If the thought of an HVAC failure leaves you scratching your head wondering what you would do during such an event, you are not alone. The key to knowing how to handle such events is spending some time learning how to hire the best possible professionals. The information found below can serve as just the resource you need.
One of the most important things to consider when purchasing a new heating and cooling system is the manufacturer's warranty. Units come with a variety of warranties. Choose one with a long warranty for maximum long term savings. Generally, it is advised that homeowners should purchase the extended warranty if one is offered.
If your HVAC system is acting up, take a tour of the house prior to calling a professional. Make a list of the rooms which are comfortable and which just aren't. The contractor can probably figure out and fix the problem easier.
Get any agreement with an HVAC contractor in writing. Some contractors try to skip over this step and charge customers a fortune. If you have a certain price and warranty in writing, they cannot go back and change this information. If they do, they could have a lawsuit on their hands.
Do you hear a clicking sound when your fan is turning? This may mean that there is something in the way of the blades of the fan. If it gets so bad that the blade bends, you must replace it, just unbending it will leave the fan unbalanced and can cause further issues.
When you have an outdoor unit, be sure to keep all plants, flowers, shrubs and trees at least two feet from it. Anything that grows inside it, either above the ground or even roots beneath the soil, can block it up and cause it to break. Give it some breathing room.
Be sure to get every quote or estimate in written form. You have no recourse on a verbal agreement, so a written contract is a must. This will allow you to follow up if something goes wrong or you don't get what you were promised, protecting you from shady contractors.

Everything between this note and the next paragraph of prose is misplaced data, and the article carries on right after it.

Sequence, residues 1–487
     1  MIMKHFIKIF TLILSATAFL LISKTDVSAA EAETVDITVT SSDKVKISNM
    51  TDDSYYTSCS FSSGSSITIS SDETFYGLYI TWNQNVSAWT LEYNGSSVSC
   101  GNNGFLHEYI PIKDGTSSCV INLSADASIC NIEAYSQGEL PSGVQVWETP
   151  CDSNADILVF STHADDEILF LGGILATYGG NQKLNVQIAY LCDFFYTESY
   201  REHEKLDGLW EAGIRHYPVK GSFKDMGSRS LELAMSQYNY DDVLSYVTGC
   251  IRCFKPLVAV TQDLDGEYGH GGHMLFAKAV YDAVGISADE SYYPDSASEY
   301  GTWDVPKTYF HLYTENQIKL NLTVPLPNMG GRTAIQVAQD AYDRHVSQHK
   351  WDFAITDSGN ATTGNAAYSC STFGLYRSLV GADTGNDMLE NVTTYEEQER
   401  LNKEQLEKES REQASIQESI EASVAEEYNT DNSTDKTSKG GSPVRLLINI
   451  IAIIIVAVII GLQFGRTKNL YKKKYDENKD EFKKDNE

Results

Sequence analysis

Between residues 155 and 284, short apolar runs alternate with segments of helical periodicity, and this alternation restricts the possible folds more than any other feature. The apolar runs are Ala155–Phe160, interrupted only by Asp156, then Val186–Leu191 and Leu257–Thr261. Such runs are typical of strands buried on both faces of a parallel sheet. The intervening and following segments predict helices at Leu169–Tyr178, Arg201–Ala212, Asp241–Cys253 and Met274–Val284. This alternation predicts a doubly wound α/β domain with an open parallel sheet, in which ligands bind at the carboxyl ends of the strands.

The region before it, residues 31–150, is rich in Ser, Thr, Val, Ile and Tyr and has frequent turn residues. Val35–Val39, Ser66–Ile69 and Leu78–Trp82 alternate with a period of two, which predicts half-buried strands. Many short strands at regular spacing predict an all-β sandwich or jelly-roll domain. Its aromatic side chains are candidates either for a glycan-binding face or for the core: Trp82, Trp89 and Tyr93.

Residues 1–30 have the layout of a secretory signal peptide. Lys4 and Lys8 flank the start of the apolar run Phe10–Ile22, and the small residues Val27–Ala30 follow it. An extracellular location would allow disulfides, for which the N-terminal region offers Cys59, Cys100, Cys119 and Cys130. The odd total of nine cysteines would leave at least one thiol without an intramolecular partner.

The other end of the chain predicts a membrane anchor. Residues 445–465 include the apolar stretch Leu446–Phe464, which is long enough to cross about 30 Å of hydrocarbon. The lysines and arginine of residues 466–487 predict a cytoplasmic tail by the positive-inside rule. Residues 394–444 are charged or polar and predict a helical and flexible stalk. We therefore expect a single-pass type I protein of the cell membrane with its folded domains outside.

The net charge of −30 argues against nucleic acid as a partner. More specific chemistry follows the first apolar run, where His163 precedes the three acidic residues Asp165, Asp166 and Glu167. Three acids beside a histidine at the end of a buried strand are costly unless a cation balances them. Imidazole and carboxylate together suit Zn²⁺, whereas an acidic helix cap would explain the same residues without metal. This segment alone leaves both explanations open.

Change your filter on a regular basis. This is one of the easiest HVAC tips that you can do yourself. It is also one of the least expensive things that you can do to ensure that your system is running efficiently. Clogged and dirty filters can make your unit work 5-10% harder.
If you are a home owner, replace whatever single pane windows you have with more efficient double-paned versions. Double pane windows can help minimize how much you use your air conditioner in the summer, because they keep cool air inside the home. This same effect also keeps warm air in during the winter months.
If your home gets hot in the summer and you'd like to use your air conditioner less often, consider a metal roof. It reflects the heat right back up into the sky, allowing your home to gain less heat on sunny days. Since metal roofs are permanent, you'll save on repair and replacement costs also.
While price should be one of the considerations you make when you are hiring an HVAC contractor, do not allow it to cloud your judgement. There are other factors that need to be considered in order to make a sound decision. Experience level, work ethic and positive reviews are a few things that should be considered as well.
For your outdoor HVAC unit, make sure that your foliage is cleared around it. Two feet distance between the HVAC unit and shrubs is a good amount to remember. If you let the foliage creep up on the unit, it can cause all sorts of issues with debris and growth into the system.
If you are thinking of installing a new roof and want it to also boost the efficiency of your HVAC, choose white materials. They reflect the sun's heat so that your attic doesn't get hot, and that means your air conditioner doesn't have to labor as hard to cool your home.
Call in a contractor to find out if you can install an air conditioner on your current forced-air system without having to install new duct work. This can save you a ton of time and money, plus it takes up less space in your walls and rooms to boot.
When you are looking to buy a new air conditioner, consider your climate. If you live in a hot, dry area, then an evaporative cooler will be your best bet. If you live in a humid area, opt for a compressor-style unit as it's the only one which will work.